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Crishaun "CeCe" McDonald trial begins
Nearly 11 months after Crishaun (CeCe) McDonald, a young, transgender woman, was arrested and charged with the murder of Dean Schmitz, her trial has begun. Although from all accounts it will most likely last for at least a couple of weeks, that didn’t stop scores of McDonald’s supporters from packing the court on Monday morning. Forbidden to wear clothes that show support (such as Free CeCe buttons, t-shirts, etc), the supporters nevertheless waited in the hallway for two hours while attorneys from both sides met in the judge’s chambers, and filled in the seats while the court went on record over several outstanding issues before jury selection, which was to begin in the afternoon.
The case against CeCe has garnered national attention, as it raises issues faced by the transgender community.
On June 5 of last year, police responded to a report of a stabbing at the intersection of 27th Avenue South and 29th Street in Minneapolis, which is outside of Schooner Tavern. McDonald’s supporters say that McDonald and her friends were called transphobic slurs, after which a fight broke out. As the trial continues, the jury will have to decide what really happened- was McDonald’s face slashed with a piece of glass? Was Dean Schmitz stabbed, or did he run into the weapon? What was the weapon, as there is none in evidence? Was it scissors, or a knife?
Judge Moreno ruled on a couple of issues Monday morning prior to jury selection. First of all, the defense objected to the use of one particular photo the prosecutor planned to use in a slide presentation. Photograph #3 is an image of the victim during his autopsy. He is wearing a bloody shirt showing “a huge amount of blood,” according to McDonald’s attorney Hersch Izek, which he argued was “cumulative in nature and unduly prejudicial.”
However, the prosecution argued that the photograph was not cumulative in nature, nor unduly prejudicial, as there was only one image, and also argued that the photograph illustrated where the victim was stabbed, and the “nature of the defect,” which was important since, because there is no murder weapon, the type of weapon is in dispute. Judge Moreno ruled that the photograph would be allowed.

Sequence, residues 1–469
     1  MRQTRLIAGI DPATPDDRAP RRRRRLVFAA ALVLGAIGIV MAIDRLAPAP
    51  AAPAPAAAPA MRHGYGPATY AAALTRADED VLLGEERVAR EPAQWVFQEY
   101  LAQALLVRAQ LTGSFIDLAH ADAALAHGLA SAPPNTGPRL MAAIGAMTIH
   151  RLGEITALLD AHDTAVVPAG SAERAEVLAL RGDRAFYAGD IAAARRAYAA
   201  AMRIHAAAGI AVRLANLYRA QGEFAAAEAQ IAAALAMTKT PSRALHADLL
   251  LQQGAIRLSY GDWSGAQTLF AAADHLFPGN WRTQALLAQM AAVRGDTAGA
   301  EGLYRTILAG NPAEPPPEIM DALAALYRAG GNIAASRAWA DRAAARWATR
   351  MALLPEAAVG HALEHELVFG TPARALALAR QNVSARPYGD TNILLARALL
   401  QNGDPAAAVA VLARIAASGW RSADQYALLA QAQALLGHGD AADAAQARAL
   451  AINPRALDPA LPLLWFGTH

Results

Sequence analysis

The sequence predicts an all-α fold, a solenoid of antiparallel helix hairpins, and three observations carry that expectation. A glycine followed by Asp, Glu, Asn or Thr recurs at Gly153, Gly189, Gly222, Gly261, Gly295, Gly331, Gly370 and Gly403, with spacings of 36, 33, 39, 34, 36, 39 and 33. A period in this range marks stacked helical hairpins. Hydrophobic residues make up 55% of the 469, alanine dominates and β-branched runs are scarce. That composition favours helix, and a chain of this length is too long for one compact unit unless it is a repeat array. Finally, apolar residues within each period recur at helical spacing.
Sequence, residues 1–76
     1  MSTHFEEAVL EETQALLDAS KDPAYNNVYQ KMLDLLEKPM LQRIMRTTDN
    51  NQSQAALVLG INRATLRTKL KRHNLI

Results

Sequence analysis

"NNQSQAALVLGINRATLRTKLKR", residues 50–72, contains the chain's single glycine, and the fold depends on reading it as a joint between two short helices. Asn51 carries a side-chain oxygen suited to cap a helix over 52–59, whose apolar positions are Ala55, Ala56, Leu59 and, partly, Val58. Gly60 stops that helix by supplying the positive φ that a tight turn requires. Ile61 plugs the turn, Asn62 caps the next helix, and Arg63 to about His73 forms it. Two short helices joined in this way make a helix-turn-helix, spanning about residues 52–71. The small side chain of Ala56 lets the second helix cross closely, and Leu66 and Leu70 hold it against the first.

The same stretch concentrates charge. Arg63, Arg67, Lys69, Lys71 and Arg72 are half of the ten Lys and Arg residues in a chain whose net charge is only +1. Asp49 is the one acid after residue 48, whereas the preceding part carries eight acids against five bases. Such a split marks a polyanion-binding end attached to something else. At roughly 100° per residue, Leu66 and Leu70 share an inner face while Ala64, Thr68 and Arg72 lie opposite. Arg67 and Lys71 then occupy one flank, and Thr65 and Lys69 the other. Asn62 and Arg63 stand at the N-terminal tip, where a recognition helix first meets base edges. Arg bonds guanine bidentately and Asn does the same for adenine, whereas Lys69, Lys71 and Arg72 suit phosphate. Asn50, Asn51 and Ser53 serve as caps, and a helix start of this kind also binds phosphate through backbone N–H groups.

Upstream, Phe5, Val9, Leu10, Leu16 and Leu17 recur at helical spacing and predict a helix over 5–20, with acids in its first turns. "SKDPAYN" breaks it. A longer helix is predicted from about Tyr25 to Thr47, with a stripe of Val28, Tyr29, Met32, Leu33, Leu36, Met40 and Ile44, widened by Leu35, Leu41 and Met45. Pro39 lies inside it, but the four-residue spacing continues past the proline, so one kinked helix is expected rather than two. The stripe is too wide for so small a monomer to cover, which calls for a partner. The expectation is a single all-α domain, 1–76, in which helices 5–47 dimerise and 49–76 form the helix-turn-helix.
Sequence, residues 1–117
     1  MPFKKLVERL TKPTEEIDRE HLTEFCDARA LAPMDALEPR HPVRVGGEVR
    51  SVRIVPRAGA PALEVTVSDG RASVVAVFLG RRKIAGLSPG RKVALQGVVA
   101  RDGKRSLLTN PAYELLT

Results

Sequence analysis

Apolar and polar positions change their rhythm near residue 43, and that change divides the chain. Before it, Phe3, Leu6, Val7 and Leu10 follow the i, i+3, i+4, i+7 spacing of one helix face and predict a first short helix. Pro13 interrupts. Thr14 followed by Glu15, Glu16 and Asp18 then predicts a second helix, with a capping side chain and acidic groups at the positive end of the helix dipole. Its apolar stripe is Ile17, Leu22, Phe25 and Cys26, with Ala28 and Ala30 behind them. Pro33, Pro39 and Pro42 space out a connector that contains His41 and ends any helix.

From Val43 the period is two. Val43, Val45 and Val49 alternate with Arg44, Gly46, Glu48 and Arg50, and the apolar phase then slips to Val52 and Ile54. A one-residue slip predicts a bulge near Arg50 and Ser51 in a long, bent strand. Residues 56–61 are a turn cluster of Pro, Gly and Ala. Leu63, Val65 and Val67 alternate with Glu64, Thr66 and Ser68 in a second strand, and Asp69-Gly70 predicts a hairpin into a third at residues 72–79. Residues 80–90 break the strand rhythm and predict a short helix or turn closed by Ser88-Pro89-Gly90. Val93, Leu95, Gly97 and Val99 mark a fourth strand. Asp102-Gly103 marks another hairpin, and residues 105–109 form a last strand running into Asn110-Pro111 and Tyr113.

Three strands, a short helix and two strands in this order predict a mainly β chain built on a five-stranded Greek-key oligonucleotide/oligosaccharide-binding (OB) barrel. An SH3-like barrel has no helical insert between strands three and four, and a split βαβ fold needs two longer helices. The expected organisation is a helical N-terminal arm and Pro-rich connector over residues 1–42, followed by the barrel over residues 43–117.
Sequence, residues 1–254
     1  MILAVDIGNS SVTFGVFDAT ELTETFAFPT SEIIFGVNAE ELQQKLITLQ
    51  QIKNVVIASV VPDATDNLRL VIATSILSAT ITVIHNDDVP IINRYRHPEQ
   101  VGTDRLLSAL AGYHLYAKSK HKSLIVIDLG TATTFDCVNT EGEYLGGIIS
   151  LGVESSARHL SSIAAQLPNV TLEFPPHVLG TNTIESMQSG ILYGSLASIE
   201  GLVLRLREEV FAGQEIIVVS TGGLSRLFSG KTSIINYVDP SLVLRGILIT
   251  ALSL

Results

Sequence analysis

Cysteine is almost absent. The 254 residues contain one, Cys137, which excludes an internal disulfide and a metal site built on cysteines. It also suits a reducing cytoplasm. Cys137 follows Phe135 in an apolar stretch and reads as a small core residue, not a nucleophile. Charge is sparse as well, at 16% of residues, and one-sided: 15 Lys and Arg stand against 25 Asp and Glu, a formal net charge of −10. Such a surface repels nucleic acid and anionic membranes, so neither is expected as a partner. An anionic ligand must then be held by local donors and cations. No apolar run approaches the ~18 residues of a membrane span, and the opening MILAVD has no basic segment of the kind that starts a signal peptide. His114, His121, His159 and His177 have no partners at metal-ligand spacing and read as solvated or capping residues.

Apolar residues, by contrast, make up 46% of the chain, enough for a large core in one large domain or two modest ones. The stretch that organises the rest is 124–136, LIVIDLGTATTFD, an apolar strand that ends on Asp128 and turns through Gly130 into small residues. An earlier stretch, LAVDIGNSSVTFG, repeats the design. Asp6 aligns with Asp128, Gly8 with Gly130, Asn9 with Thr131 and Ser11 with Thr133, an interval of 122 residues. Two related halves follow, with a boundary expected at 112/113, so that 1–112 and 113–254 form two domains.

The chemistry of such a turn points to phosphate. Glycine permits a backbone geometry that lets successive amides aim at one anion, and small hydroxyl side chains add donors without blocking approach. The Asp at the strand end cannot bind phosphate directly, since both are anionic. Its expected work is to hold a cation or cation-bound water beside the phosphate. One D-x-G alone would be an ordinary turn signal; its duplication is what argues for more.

According to McDonald supporter Luce Guillen-Givins, Judge Daniel C. Moreno said last Friday that mention of victim Dean Schmitz’s swastika tattoo would not be allowed.
Another issue raised on Monday morning is whether two witnesses from the Hennepin County Victim Witness Assistance Program would be allowed to sit in on the trial. The judge ruled they would not be allowed to do so.
Finally, the prosecution raised the issue of another witness, Mr. Thomas, who the prosecution said Izek had interviewed without witnesses. The judge ruled Thomas will submit a new statement, and during the trial, Izek will not be allowed to question him, having instead a different attorney from the Legal Rights Center do so. According to Debra Lund, from the prosecution team, Izek had become a “witness” in interviewing Thomas. After the hearing, Izek called that statement “nonsense.”
As of early Monday afternoon, the judge had not ruled on the admissibility of several expert witnesses, including Cesar Gonzales, who would be an expert in trans issues.